photo_bevWhy do I donate to the hospital?

It’s interesting how an institution can weave its way through the tapestry of your life without your being aware of how large a part it has been, and is, playing. St. Joseph’s Hospital, for the past sixteen years, has been part of the fabric of my life in so many ways. For example, I do most of my community volunteering there. My grand-niece was born in “St. Joe’s”, assisted by a good friend who had recently started his medical career in the Valley. My mother and my father-in-law both died in St. Joseph’s. Six days ago a friend passed away after receiving excellent care first in intensive care and then on the 3rd floor. Both his wife and my ex-husband had been residents of The Views, St. Joseph’s complex care ward. Friends receive chemotherapy. I am regularly screened for breast cancer (cancer is big in my family). Luckily I have only been a patient once for minor surgery but over and over again I have seen the excellent care the staff has given to many friends, relatives and acquaintances throughout the time I have lived in Comox.

I know I am grateful for the services St. Joseph’s Hospital has been giving to those I care about. And I would like to see it continue. That’s why I donate to the hospital. I donate because I appreciate the work the hospital does, in the care that it provides to all of us who need it, and in its staff at all levels. I donate because St. Joseph’s has done some very good work, and has done it with heart. I want that to continue. I want my community to have the kind of people St. Joseph’s Hospital has to deliver its babies, fix cataracts, give chemo treatments, patch up accident victims, give nursing support and so on. I want the friendliness of the Auxiliary ladies, to have the volunteers continuing to support the paid staff, to be able to receive pastoral care as yet another death occurs, to exchange hellos with the CEO in the hallways. It’s so very, very worthwhile. Whether I have a little money, or a lot, my giving to the hospital has been my way of saying, “Thank you. I appreciate everything that all of you are doing. You make my community a better place.”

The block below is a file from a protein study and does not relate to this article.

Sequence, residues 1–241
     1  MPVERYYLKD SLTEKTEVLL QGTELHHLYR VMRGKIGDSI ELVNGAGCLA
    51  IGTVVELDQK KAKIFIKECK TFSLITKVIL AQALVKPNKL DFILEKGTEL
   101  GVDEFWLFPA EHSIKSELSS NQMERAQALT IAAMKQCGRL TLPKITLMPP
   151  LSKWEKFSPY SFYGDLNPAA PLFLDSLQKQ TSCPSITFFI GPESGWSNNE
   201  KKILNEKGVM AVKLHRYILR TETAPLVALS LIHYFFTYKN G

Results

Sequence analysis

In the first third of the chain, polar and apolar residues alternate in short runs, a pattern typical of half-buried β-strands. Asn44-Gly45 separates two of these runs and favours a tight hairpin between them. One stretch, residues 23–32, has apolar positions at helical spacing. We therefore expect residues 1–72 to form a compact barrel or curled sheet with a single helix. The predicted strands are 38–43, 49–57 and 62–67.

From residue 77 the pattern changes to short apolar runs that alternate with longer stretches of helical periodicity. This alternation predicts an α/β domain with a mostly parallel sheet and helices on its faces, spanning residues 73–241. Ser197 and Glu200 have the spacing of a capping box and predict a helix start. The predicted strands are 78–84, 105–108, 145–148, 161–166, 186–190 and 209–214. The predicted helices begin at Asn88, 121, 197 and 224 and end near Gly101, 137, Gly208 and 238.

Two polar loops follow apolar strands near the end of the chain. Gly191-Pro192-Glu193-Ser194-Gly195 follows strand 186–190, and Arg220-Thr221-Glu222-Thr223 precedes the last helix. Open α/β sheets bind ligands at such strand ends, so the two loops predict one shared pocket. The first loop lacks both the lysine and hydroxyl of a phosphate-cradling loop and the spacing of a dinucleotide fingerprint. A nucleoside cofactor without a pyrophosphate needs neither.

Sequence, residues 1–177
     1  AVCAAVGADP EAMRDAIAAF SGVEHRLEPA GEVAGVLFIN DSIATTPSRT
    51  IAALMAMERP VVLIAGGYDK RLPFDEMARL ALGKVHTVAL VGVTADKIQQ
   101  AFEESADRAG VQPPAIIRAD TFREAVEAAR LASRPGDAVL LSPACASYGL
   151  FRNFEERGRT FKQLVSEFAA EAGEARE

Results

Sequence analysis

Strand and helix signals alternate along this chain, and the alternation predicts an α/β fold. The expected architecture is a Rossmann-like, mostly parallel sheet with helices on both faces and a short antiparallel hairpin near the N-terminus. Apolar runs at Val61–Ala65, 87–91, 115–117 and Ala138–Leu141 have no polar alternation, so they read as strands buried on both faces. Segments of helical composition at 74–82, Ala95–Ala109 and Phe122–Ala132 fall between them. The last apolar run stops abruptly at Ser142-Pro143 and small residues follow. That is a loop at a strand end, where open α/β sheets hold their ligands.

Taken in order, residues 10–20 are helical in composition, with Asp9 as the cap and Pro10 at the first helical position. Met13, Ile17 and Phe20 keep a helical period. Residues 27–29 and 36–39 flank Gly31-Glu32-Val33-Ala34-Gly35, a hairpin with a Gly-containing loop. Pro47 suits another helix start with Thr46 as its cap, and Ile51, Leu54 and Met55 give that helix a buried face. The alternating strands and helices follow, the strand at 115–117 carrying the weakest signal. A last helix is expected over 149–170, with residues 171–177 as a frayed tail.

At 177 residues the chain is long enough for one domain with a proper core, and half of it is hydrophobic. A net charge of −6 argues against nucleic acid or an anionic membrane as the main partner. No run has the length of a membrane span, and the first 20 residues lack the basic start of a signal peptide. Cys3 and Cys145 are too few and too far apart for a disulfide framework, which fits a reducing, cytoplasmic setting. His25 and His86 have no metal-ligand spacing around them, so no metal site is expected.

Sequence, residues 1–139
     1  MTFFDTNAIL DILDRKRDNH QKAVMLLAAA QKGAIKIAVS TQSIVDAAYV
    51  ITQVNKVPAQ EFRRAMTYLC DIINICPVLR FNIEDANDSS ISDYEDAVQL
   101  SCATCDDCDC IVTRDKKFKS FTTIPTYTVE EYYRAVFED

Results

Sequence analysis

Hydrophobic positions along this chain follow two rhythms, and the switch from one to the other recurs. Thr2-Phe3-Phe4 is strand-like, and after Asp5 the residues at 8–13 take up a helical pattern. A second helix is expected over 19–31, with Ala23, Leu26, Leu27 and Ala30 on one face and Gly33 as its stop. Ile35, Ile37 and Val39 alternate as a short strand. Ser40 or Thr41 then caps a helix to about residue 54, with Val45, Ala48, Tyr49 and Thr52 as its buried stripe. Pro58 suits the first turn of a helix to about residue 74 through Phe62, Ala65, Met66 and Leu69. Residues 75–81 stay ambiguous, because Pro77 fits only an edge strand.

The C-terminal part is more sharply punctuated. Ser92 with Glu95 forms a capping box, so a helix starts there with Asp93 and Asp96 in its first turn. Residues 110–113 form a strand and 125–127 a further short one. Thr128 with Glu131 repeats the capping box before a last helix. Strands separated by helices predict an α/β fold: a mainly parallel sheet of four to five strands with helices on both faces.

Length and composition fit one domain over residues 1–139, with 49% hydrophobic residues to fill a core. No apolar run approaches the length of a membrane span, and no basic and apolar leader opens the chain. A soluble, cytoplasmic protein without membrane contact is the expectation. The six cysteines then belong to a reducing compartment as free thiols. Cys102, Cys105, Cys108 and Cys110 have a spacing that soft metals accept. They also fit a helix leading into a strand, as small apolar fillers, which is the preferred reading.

As a baby boomer the odds are great that one day I will be very appreciative that the Comox Valley has a good hospital. In fact, it was a good part of the reason why we moved here.

That in itself is a good reason to donate; it’s an investment, isn’t it?